PG-13  |  117 min  |  Action, Sci-Fi
Review - Matt Mungle

**In theaters July 17, 2015**

Synopsis: The next evolution of the Marvel Cinematic Universe brings a founding member of The Avengers to the big screen for the first time with Marvel Studiosí ěAnt-Man.î Armed with the astonishing ability to shrink in scale but increase in strength, master thief Scott Lang must embrace his inner hero and help Dr. Hank Pym protect the secret behind his spectacular Ant-Man suit from a new generation of towering threats. Against seemingly insurmountable obstacles, Pym and Lang must plan and pull off a heist that will save the world.

Review: Although ANT-MAN resides in the Marvel Universe it is not on the same level as its powerhouse studio mates THOR, CAPTAIN AMERICA, and IRON MAN. That doesn't mean it isn't a proper helping of superhero action; just on a smaller scale. But that is ok. Even the film embraces its place in the world as it takes subtle jabs at the other more prominent figures. It has a lot to offer and just because it may be a one and done; there is no shame.

There are elements of this film that are stellar and some that completely throw it off track. The suit. The suit is cool. It looks awesome with popping color and gives the character some strut. Paul Rudd is a plus too as an ex-con willing to do anything to make amends and be reunited semi-permanently with his daughter. Rudd has a humble likability to him which instantly makes you a fan of Scott Lang. You want him to get it right. He dives wholeheartedly into the job and suit. He even manages to wrap his head around the fact that he can grow and shrink on command. Lang is an engineer and a smart guy.One of the reasons Pym (Michael Douglas) picked him. 

As far as Douglas goes it is good to see him in this type of film. He can be a ruthless businessman (Wall Street, A Perfect Murder) and here combines that drive with an understanding and compassion for the world at large. Pym's daughter hope is played by Evangeline Lilly (Lost) and I could never see past the god awful wig they had her wearing to glimpse any sort of character.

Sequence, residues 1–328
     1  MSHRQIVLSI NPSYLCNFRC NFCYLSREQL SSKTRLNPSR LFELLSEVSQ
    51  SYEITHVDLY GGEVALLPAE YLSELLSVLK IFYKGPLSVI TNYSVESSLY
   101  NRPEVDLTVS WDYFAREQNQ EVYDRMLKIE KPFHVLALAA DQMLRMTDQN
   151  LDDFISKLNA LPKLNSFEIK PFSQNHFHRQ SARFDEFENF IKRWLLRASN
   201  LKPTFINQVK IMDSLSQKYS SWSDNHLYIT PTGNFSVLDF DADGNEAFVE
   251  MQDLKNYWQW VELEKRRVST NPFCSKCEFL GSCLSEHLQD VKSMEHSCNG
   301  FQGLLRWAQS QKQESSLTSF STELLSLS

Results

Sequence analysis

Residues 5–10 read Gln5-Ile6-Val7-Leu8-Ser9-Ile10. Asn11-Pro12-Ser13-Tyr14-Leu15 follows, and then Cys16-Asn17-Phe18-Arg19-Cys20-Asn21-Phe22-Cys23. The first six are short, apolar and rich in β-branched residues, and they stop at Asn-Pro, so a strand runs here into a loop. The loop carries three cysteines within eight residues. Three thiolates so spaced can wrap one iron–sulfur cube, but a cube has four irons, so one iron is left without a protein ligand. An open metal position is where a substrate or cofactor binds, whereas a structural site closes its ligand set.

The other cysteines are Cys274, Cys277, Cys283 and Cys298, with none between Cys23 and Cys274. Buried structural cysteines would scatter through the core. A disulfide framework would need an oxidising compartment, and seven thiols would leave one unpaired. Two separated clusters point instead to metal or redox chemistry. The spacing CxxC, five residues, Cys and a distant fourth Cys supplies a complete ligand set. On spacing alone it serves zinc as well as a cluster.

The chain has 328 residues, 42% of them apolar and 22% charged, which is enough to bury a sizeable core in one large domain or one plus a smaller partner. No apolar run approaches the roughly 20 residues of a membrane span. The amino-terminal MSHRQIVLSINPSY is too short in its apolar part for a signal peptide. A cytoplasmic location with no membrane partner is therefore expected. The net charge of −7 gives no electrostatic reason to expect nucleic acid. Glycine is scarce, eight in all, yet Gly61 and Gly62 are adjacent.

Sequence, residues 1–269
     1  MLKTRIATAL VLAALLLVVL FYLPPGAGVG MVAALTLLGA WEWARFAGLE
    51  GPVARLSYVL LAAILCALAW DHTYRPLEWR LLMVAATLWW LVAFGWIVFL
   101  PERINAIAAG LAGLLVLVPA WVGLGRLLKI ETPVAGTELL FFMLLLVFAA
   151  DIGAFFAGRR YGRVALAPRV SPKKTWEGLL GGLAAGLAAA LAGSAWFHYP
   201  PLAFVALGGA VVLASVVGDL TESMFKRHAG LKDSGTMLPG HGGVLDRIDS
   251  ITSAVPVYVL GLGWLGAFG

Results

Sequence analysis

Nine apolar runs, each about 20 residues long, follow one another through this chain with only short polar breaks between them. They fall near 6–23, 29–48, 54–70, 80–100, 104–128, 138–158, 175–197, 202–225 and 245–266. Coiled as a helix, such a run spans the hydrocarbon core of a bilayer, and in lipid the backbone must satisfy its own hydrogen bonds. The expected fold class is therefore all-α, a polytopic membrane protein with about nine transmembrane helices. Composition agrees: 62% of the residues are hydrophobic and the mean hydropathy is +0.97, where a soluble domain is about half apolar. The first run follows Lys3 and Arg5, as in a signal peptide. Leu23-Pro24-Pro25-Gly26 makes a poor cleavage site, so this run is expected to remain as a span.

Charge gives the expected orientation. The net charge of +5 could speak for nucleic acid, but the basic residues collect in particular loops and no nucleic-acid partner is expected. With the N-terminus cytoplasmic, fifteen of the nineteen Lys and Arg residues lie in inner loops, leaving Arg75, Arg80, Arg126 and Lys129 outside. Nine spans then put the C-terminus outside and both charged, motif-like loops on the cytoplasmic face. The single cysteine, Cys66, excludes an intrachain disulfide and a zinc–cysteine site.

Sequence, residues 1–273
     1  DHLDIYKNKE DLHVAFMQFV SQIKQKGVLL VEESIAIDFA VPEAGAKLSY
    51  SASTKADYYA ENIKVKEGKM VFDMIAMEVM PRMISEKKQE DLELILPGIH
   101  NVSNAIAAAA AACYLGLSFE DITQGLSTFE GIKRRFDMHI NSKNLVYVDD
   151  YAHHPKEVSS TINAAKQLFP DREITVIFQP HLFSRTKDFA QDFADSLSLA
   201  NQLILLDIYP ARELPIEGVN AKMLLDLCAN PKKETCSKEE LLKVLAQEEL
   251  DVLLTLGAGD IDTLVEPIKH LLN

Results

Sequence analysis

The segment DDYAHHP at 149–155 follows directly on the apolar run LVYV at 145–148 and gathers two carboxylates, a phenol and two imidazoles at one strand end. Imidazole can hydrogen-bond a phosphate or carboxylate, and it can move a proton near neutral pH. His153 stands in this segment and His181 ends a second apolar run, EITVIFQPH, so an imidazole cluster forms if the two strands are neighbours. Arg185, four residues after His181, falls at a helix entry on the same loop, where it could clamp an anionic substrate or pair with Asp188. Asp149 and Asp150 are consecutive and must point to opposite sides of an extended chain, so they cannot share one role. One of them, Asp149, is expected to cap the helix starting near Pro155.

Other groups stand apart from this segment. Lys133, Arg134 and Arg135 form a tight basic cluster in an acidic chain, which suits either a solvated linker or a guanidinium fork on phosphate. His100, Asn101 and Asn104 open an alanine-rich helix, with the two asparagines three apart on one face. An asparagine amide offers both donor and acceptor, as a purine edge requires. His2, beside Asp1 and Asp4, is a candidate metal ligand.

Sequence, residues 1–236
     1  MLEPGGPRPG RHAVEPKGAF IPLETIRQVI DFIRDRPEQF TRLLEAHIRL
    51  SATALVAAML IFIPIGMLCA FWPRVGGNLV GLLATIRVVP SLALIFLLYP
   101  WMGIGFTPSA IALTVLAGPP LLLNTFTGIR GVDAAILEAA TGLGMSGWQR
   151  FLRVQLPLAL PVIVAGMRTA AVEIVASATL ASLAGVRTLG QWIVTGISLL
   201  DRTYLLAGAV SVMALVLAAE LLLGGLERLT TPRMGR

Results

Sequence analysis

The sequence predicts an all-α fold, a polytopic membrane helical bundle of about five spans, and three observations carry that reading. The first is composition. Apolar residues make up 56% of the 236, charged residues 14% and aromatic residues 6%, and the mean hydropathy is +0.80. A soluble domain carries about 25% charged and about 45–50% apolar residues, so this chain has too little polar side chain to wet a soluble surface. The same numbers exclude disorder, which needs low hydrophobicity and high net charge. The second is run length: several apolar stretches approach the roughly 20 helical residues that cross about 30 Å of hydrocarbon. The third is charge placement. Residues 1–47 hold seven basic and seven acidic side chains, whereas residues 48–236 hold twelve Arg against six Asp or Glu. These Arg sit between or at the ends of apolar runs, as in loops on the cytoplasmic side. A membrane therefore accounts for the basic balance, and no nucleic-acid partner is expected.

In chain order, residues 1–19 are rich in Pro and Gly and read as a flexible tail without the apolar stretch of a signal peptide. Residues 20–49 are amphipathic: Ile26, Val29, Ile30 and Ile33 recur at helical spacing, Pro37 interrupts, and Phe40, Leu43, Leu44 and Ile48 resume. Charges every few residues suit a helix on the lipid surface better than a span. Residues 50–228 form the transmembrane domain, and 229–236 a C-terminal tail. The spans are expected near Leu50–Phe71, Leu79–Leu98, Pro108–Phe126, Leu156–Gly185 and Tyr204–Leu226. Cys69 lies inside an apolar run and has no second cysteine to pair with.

The effects and graphics also helped solidify the film. When ANT-MAN shrinks down and takes a run with the insects you have to believe it. You have to feel like you are in that world with him. The stunts and imagery are fast, crisp and pack a punch. This is all good news for the comic book fan wanting to see another of their characters manifest to the big screen. But sadly eye candy is not enough to carry a film completely. You need a strong story and well crafted, often witty, dialogue too. (Just don't tell Magic Mike). This is where Ant-Man suffers the most. Even the prolific Michael PeŇa seems uncomfortable as the funny man. His character is relied upon for most of the humor but it all seems repetitive and redundant. 

There are numerous plot holes and awkward conversations. Many of these take place between Dr. Pym and his daughter Hope. Their relationship has been very strained and there is quite a bit of resentment and anger broiling. The times they discuss these issues are the times you feel the most disconnect from the film. It is not well written and the delivery is stiff and forced. Much of this takes place in the middle of the movie and once you get past that, the final act almost makes up for it. But again, in action only. 

ANT-MAN is worth seeing but then forgetting. It is rated PG-13 for sci-fi action violence and safe for those 13 and over. The language might be the only thing parents would worry about younger tykes hearing. I doubt there needs to be an ANT-MAN 2 or any sort of reANTimation. Maybe in small doses (no pun intended) like a cameo in an Avengers film would be a better fit. I give it 2.75 out of 5 keyholes. Rudd just wasn't enough to make up for the dull moments. 


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